Diabetes Device Connects Wirelessly to iPhone

One of the most pleasing Web trends we’re seeing in 2009 is the increasing penetration of web apps into the real world. Web applications for healthcare is one example. We wrote about a new Web-based Radiology Theatre built by IBM yesterday and today we discuss an iPhone app that helps people with diabetes. At yesterday’s iPhone OS 3.0 announcement, diabetes software company LifeScan (owned by Johnson & Johnson) unveiled an iPhone app that wirelessly connects to a Bluetooth-enabled glucose meter.

Once connected – and that may also be done using a wired connection – the blood sugar levels are sent automatically to the iPhone. The app will then help the user calculate the necessary insulin doses based on the readings and their estimated food input.

The app also enables users to email their readings, along with a message, to other people such as your parents or nurse. Plus it has charts and lists – not unlike another iPhone app which this author uses to manage diabetes, called Diamedic.

The new LifeScan iPhone app isn’t the only initiative to use Web technology to improve the lives of people with diabetes. DiabetesMine, a website run by Amy Tenderich, is running a competition for an iPod-like device or web app for diabetes management. According to Tenderich, “21m Americans live with diabetes, yet the devices we rely on generally don’t hold a candle to the sleek design of consumer electronics (think iPod).” The 2009 DiabetesMine Design Challenge is offering a prize of $10,000. It’s sponsored by the California HealthCare Foundation (CHCF), with support from global innovation firm IDEO, and by health blog Medgadget.com.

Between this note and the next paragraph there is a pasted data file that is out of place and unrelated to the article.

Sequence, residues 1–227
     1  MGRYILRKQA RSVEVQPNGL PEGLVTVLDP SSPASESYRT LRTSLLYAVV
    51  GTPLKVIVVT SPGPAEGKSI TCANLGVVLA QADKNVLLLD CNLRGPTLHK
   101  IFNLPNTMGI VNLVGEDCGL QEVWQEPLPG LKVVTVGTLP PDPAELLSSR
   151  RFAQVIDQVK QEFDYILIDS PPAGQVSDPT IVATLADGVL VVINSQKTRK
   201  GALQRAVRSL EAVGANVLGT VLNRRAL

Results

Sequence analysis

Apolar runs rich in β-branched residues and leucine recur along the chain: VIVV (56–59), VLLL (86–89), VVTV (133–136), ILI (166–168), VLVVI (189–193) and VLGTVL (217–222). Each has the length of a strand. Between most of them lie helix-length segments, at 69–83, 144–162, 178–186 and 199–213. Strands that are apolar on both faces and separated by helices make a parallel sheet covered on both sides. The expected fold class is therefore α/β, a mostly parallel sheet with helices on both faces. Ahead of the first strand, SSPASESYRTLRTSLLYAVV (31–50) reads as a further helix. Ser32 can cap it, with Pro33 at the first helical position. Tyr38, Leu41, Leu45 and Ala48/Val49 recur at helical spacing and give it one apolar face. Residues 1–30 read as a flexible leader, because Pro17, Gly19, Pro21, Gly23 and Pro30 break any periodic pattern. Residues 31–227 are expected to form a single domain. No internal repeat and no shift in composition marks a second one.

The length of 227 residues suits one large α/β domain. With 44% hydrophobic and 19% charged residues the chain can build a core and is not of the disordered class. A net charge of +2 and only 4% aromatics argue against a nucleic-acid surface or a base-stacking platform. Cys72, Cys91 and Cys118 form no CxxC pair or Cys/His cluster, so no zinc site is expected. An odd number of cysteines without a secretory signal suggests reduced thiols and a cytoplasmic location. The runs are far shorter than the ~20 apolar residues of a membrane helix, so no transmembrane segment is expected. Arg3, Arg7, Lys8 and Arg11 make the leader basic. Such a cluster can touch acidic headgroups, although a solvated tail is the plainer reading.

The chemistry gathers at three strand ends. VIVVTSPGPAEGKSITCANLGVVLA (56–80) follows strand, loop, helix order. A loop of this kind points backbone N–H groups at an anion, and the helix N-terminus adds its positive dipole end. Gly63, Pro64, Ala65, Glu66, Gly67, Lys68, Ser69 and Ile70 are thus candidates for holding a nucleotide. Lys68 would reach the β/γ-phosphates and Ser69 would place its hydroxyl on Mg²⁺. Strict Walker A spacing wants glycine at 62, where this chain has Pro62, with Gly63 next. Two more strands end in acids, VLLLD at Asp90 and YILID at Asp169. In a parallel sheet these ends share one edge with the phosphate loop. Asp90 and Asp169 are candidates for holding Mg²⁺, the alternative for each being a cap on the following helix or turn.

The Internet in Everyday Objects

We’re increasingly seeing the Internet-enabled objects that up till now have been offline experiences. Earlier today we described how a UK company, partnering with Penguin, built 6 web-based book applications – including one that used Google Maps for a ‘flyover’ experience of storytelling, a Twitter book, and one where real time user keystrokes were tracked as part of the story. The creator of those, Dan Hon, told us that he was excited to see Bluetooth connectivity enabling a vastly improved interface for glucose monitors. He said that developments like this could be the stepping stones toward a future of ubiquitous computing – we’re inclined to agree.

The next step of LifeScan’s Internet-connected glucose monitor might be to have all that iPhone functionality in the glucose monitor itself, doing away with the need for the iPhone. Right now the cost of that would be prohibitive, but we can imagine a time in the near future when touch screen UIs and Internet connectivity in everyday devices will be commonplace and inexpensive.

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